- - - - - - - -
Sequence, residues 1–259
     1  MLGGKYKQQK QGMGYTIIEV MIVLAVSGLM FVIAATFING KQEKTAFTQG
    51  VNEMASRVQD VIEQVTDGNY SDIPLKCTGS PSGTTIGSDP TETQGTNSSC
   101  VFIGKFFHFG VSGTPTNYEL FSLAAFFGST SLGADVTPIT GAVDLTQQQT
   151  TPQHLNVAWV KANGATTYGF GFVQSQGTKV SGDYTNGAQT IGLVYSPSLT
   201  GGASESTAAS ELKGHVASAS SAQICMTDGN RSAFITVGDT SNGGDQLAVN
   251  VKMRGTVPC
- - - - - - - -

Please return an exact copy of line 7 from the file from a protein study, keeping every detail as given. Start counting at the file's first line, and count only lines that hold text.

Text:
   251  VKMRGTVPC